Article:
Filipino Lumpia Recipe2014-07-03
- Yield : 30 Lumpia
- Servings : 8-10
- Prep Time : 40m
- Cook Time : 20m
- Ready In : 60m
Having lived most of my life in San Diego, I’ve become very familiar with all of the delicious Filipino cuisine, including Pancit (noodles) and Chicken Adobo. However, by far, my absolute favorite dish from the Philippines are these delicious little spring rolls called Lumpia (pronouced “LOOM-pee-ah”). As I’m writing this, the
Super Bowl (oooops, can’t legally say that… the “big game”) is coming up in a few weeks and I immediately started thinking about my favorite Lumpia recipe.
What are Lumpia?
Filipino Lumpia are about 3-4 inches long and between 1/2″ and 3/4″ in diameter, which is a little smaller than the egg rolls you might get at your local Chinese take-out. They’re made with a paper thin pastry wrapper, rolled up and stuffed with finely ground pork, beef or a combination of both (feel free to experiment with this). The meat is mixed with minced carrots, onions and thinly shredded cabbage. The rolled up Lumpia are then deep fried just until golden brown and served with a sweet and sour dipping sauce.
San Diego has the second largest Filipino American population of any county in the United States. Growing up in San Diego, enjoying Filipino food was just as common as having a taco or hamburger. It’s one of the reasons I love my hometown and something I’ve come to miss now that I’m living on the East Coast. Thankfully, I’ve been able to master cooking authentic Filipino cuisine, including Lumpia, Pancit (Filipino noodles) and Adobo (chicken or pork cooked in a tangy sauce consisting mostly of vinegar, garlic and soy sauce).
Lumpia: The Perfect Pot Luck or Party Food.
I can’t remember a pot luck at work that didn’t include a giant platter heaping with a couple hundred (yes, a couple hundred) beautiful golden brown Lumpia waiting to be devoured. They were usually made form Mom or Grandmas recipe, but the friendly and incredibly hospitable culture of the Philippines meant someone was always eager to help you make your own.
One thing to note about Lumpia that sets them apart from your typical Chinese egg roll is the wrapper. Filipino Lumpia are made with a paper thin pastry wrapper very similar to a French crepe. This is what makes them so flakey and gives the exterior of them a light and airy feel. If you have an Asian market near you, you’ll usually find the Lumpia wrappers in the freezer section, but I would encourage you to try making your own (at least once). There definitely is an art to making the wrappers, but, with some practice you’ll be surprised how good you will get. I’ll be posting a recipe and video for these very soon (check back or subscribe to my newsletter so you don’t miss out). In the meantime, don’t hesitate to buy the pre-made wrappers at a local Asian market.
Don’t Forget the Dipping Sauce.
Once your Lumpia are done, you can eat them by themselves, but there’s something very special about spooning on a bit of sweet and sour sauce. This isn’t very hard to make and most American grocery stores will carry La Choy or another brand of sweet and sour dipping sauce that will work just fine. You can also order it through this link to Amazon. You can also pick up a bottle of the Mae Ploy Sweet Chili Sauce which a LOT of people enjoy instead of sweet and sour sauce.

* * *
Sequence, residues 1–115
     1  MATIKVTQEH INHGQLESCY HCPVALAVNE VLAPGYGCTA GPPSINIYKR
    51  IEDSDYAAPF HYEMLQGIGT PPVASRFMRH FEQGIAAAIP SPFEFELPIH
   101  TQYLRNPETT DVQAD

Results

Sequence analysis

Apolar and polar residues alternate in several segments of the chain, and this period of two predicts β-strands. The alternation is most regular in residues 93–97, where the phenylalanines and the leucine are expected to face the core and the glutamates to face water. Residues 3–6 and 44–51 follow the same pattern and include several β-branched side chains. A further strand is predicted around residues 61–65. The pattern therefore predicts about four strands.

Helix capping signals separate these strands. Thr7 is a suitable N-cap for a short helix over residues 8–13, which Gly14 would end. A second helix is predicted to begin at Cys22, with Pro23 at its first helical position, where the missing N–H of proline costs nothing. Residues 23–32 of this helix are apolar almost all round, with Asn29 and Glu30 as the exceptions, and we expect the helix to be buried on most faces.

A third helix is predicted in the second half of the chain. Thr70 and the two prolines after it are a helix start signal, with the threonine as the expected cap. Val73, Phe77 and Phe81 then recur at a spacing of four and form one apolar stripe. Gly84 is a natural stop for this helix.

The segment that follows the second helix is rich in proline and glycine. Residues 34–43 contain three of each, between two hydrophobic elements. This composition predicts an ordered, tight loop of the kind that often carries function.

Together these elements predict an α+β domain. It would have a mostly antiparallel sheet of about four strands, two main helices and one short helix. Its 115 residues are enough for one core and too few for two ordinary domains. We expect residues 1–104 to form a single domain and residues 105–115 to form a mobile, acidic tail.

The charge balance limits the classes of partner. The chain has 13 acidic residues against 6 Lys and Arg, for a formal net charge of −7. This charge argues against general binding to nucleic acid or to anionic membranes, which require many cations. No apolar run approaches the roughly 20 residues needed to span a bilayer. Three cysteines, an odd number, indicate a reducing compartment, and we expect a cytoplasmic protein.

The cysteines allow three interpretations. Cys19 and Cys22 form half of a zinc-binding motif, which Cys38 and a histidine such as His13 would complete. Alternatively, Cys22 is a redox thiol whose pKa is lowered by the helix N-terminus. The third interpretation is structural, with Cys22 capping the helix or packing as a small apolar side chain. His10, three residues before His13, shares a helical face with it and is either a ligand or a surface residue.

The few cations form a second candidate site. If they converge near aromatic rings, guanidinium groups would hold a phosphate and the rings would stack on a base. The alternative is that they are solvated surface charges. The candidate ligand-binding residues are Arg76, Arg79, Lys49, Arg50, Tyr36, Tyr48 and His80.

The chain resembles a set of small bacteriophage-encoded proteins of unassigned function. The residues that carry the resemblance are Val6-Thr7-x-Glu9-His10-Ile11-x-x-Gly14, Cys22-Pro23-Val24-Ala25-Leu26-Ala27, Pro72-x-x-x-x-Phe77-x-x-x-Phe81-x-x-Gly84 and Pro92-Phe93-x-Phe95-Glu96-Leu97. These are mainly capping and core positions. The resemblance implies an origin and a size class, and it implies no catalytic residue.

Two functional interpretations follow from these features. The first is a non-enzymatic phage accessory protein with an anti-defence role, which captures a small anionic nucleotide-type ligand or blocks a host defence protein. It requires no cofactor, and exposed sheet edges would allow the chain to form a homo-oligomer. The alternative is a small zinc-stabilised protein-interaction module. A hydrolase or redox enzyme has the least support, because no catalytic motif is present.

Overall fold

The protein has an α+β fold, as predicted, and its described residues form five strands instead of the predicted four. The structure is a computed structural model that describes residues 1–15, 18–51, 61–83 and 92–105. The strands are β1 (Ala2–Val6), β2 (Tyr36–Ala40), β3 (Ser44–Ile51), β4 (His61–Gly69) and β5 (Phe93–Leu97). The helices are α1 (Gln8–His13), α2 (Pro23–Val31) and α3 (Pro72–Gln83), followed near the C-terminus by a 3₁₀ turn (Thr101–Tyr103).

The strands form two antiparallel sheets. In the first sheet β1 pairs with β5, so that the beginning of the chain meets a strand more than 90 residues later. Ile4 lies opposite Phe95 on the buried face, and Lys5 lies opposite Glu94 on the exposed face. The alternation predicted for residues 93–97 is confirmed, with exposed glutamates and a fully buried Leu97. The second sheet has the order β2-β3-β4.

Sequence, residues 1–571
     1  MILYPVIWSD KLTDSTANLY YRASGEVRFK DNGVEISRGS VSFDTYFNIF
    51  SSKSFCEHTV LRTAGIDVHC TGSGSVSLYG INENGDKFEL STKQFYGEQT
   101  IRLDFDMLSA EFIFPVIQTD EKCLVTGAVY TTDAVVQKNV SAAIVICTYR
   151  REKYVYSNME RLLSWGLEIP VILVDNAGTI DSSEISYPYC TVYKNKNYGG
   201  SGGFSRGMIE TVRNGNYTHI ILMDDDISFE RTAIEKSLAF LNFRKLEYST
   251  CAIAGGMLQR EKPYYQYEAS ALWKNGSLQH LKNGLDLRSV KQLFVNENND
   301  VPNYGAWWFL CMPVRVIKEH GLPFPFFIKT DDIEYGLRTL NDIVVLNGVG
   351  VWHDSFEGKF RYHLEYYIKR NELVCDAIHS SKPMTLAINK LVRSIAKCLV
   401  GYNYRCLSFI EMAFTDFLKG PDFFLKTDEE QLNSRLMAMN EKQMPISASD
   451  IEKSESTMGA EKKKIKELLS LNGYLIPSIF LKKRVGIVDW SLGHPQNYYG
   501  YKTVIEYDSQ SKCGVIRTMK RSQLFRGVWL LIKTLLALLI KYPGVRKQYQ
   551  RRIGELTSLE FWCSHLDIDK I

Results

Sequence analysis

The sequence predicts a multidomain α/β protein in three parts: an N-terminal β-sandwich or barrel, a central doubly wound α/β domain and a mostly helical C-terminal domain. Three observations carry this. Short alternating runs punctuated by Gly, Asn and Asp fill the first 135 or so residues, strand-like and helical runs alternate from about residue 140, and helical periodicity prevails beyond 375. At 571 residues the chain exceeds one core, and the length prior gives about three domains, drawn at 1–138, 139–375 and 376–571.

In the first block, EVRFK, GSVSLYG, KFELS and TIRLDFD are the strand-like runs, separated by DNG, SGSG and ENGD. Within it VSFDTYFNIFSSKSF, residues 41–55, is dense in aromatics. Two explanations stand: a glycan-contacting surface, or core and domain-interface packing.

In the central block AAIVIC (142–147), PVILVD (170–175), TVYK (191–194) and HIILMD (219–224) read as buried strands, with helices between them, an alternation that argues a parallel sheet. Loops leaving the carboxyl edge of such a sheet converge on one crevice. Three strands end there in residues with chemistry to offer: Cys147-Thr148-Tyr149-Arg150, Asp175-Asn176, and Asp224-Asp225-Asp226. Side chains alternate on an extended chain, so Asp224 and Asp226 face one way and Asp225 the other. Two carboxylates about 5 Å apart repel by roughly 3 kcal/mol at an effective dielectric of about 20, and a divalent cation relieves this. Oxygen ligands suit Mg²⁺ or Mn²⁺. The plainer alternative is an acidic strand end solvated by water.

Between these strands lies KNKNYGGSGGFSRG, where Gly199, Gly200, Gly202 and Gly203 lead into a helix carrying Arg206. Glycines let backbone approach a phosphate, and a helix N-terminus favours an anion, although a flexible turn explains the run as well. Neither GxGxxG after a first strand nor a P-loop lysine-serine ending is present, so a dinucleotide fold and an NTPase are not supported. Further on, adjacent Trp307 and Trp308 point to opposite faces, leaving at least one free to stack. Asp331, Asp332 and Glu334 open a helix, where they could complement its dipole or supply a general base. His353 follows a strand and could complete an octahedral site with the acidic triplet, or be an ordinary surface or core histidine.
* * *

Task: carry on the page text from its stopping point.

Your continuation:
*Please note: I included a couple of affiliate links to Amazon in the above paragraph. Buying the products through those links does help support this website. Thanks!
Ok, if you’re ready, let’s get on with making these Filipino Lumpia so you can experience one of the most popular dishes from the fabulous cuisine of the Philippines.
- 1 tablespoon Vegetable oil
- 1 pound Ground Pork
- 1/2 cup Onion; Chopped
- 2 cloves Garlic
- 1/2 Cup Carrot; Minced
- 1/2 Cup Cabbage; Shredded
- 1/2 Cup Green Onion; Chopped
- 1 tablespoon Soy sauce
- 30 each Lumpia Wrappers
- 1 Egg; Beaten
Heat a large skillet or wok over a medium-high to high heat and add in 1 tablespoon of vegetable oil and the ground pork.
Cook, stirring frequently until the pork is done and you can't see any pink. Make sure you use a fork to break the pork up as fine as possible (some people will cool the pork and mince it further in a food processor).
Remove from the pan, draining off as much fat as possible (leave some in the pan). Let the pork cool while you prepare the remaining ingredients.
In the same pan, cook the onion and garlic until soft, about 2-3 minutes.
Reduce to a medium-low heat and add in the carrots and cabbage and stir for about 1 minute.
Add in the green onions, soy sauce and cooked ground pork. Cook for about 1 minute, remove from the heat and set aside until it's cool enough to handle.
Scramble the egg in a small bowl and set aside to use for sealing your rolled up lumpia.
Lay out one of the lumpia wrappers in front of you (in a diamond shape) and spread about 2-3 heaping tablespoons of the filling in a line across the bottom 1/3 of the wrapper.
Fold the bottom of the wrapper up towards the middle and then fold in each side. Roll up, keeping it as tight as possible.
Brush a small amount of the egg wash on the edge of the wrapper and seal the lumpia closed and place your lumpia rolls on a plate covered with a very lightly damp towel until all of them are finished.
Add 2 cups of vegetable oil to a heavy skillet (should be about 1/2" deep) and heat to approximately 375 degrees. This typically will take about 5 minutes over a medium heat.
Place 3-4 lumpia into the pan and cook about 1-3 minutes or until golden brown. If you add too many at one time, you'll cool the oil and they won't fry properly. I will add in 1 lumpia, cook for about 1 minute and then add in the next one, until I have 3 of them in the pan. Then I just replace each finished lumpia with a new one.
Lumpia is traditionally served with sweet and sour dipping sauce, but get creative and use whatever you like the best.